Paul Westphal, a member of the Naismith Basketball Hall of Fame, died on Saturday following a battle with brain cancer. The NBA icon’s heartbreaking death left the sports world in mourning on Saturday, with tributes pouring in on social media.
Westphal was recently diagnosed with glioblastoma, an aggressive form of brain cancer. In August, the diagnosis was revealed less than a year after he was inducted into the Naismith Memorial Basketball Hall of Fame.
Throughout his basketball career, Westphal enjoyed tremendous success as both a player and an athlete. He played in the NBA for more than a decade, making his debut in 1972 with the Boston Celtics and playing until 1984.
Paul Westphal’s iconic basketball career
A native of Southern California, Westphal’s rise to glory started at Aviation High. He quickly caught the attention of the USC Trojans, becoming an All-American for the program. Following his phenomenal success at USC, eventually having his No. 25 retired, Westphal was drafted with the No. 10 overall pick in the 1972 NBA Draft by the Celtics. In his second season, he won a championship with the Celtics.
He joined the Phoenix Suns in 1975, where his NBA career blossomed. While operating as the team’s sixth man, Westphal averaged 20.6 points, 5.2 assists and 1.6 steals per game in six seasons with the Suns. During that stretch (1975-’80), he earned four All-Star selections and was named to the All-NBA First Team three times and All-NBA Second team once.
He returned to the Suns in 1983, after a short stint with the New York Knicks. After his retirement, his No. 44 was retired by the team. He immediately made the transition to coaching after that.
Westphal began his coaching tenure at Southwestern Baptist Bible in 1985, spending two seasons with the program before heading to Grand Canyon. He would make it to the NBA as an assistant with the Suns from 1988-’92, before becoming the team’s coach for the 1992-’93 season. The Suns reached the NBA Finals in his first season as head coach. but lost in six games to Michael Jordan’s Chicago Bulls.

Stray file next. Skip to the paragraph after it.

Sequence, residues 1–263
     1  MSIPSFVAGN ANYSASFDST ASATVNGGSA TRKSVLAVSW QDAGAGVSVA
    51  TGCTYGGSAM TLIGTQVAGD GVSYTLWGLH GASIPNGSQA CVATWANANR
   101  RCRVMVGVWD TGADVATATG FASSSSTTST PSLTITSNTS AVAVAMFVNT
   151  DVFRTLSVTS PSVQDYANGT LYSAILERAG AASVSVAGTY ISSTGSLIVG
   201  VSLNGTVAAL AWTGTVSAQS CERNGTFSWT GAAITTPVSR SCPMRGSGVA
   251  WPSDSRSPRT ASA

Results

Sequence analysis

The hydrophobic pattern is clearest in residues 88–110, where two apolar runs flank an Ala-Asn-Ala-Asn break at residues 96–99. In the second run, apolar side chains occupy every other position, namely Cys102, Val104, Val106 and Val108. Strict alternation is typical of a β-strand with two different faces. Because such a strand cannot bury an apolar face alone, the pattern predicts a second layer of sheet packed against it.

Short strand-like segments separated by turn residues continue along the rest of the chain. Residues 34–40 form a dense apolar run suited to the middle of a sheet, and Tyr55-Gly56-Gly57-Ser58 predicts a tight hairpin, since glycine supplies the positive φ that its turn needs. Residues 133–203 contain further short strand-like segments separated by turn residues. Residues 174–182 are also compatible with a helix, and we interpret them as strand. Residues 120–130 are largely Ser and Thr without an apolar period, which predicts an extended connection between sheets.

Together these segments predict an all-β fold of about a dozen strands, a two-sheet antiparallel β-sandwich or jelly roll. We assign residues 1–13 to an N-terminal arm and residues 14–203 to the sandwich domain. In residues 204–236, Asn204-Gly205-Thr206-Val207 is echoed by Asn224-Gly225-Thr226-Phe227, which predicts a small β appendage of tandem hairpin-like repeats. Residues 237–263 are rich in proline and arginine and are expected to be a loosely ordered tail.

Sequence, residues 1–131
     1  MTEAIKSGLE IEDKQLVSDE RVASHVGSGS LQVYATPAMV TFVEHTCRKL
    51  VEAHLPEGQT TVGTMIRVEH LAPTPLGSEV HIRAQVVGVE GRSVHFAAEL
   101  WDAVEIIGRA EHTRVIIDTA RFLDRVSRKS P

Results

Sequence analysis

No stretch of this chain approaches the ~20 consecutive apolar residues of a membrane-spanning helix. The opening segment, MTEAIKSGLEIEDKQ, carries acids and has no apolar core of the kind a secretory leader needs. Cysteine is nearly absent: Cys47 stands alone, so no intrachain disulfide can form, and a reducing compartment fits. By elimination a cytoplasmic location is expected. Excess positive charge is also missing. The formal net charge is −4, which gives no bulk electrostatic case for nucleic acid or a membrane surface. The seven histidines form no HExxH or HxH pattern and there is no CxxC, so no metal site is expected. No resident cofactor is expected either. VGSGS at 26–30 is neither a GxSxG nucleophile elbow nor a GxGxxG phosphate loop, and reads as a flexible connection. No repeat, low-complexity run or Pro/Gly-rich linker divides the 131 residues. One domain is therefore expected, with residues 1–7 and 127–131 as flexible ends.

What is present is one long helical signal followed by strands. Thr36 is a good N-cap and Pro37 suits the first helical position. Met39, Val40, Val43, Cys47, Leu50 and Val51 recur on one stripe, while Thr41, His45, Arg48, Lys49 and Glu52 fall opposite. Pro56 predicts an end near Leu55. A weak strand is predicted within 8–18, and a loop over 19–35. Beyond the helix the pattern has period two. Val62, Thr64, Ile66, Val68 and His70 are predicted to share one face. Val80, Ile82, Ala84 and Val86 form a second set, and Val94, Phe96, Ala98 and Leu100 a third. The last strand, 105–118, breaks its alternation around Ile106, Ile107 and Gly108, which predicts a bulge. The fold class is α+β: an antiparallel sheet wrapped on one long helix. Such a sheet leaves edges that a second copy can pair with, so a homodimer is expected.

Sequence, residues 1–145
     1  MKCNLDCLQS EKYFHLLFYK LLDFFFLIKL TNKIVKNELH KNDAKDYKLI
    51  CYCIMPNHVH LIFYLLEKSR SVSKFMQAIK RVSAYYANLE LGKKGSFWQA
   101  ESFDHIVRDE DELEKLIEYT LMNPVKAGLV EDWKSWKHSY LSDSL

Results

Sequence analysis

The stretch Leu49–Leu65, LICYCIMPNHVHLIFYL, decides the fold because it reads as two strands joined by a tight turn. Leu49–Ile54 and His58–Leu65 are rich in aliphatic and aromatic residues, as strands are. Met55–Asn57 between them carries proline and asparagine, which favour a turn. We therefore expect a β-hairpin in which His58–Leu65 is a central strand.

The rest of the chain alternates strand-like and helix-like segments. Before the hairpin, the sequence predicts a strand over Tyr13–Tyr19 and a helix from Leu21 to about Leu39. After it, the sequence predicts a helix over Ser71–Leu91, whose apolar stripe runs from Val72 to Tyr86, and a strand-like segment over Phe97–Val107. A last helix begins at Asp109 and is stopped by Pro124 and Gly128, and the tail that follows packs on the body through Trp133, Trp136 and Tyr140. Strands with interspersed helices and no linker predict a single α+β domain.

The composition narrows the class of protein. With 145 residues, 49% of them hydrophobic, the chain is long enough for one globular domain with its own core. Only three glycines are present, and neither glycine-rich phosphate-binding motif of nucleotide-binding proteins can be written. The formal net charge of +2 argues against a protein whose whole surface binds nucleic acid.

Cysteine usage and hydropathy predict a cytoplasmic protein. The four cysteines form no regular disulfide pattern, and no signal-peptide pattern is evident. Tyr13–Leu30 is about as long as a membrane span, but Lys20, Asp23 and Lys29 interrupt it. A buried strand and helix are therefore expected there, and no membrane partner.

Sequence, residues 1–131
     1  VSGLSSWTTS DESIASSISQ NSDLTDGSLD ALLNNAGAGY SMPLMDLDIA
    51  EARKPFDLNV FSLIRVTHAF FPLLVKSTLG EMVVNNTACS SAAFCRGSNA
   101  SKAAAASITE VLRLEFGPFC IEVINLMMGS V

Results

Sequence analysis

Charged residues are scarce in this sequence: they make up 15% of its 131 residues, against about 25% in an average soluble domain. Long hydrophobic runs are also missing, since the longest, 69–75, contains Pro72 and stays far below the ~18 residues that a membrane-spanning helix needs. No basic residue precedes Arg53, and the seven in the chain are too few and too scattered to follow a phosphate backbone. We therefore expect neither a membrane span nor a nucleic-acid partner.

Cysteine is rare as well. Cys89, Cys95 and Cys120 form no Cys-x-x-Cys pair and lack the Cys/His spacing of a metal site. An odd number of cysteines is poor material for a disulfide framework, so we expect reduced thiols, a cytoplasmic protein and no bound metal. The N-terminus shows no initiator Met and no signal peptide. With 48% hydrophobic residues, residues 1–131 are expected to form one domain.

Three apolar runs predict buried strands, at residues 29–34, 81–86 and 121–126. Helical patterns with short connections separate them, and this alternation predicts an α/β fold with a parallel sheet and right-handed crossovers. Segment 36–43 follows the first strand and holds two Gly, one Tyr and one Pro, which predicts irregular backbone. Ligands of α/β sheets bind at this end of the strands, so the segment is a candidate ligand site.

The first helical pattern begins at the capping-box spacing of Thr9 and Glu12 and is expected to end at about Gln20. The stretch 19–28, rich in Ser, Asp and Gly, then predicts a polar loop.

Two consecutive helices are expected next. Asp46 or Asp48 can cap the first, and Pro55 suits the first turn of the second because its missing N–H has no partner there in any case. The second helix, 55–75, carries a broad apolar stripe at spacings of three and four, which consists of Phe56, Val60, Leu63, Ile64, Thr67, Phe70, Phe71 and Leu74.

He would take over as the Seattle SuperSonics coach, holding that role from 1998-’00. After that, he went to the college ranks and coached at Pepperdine. Westphal made his way back to the NBA as an assistant coach from 2007-’08 with the Dallas Mavericks, before serving as the Sacramento Kings head coach from 2009-’12.
Paul Westphal stepped away from the NBA for good in 2016, following a stint as an assistant for the Brooklyn Nets. He finished his coaching career with a 318-279 record in the regular season and a 27-22 mark in the playoffs. As a player, Westphal scored 12,809 points with 3,591 assists and 1,022 steals.
Sports world mourns the loss of Paul Westphal
After passing away following a hard-fought battle with brain cancer, the basketball world mourned the loss and paid tribute to their friend and a basketball icon.